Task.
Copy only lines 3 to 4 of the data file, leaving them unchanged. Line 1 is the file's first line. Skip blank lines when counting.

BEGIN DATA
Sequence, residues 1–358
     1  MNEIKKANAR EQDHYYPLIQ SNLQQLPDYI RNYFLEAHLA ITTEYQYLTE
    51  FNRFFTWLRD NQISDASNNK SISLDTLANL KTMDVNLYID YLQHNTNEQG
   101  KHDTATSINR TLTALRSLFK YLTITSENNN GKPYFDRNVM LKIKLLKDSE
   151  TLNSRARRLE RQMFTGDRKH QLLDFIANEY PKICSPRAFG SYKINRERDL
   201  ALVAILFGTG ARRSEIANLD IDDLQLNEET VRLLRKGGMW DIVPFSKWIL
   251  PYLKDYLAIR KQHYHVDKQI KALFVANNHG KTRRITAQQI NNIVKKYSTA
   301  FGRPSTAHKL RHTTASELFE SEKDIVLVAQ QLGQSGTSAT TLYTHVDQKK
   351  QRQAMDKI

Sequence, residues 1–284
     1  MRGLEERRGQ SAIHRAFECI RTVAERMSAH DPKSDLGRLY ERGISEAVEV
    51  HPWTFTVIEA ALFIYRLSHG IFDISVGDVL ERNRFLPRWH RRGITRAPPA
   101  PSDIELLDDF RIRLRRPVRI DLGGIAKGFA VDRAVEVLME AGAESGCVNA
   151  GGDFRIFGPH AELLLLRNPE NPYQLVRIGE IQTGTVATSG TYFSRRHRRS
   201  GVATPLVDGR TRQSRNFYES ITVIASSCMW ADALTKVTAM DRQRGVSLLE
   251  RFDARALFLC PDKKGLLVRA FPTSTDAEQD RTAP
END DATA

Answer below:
    51  FNRFFTWLRD NQISDASNNK SISLDTLANL KTMDVNLYID YLQHNTNEQG
   101  KHDTATSINR TLTALRSLFK YLTITSENNN GKPYFDRNVM LKIKLLKDSE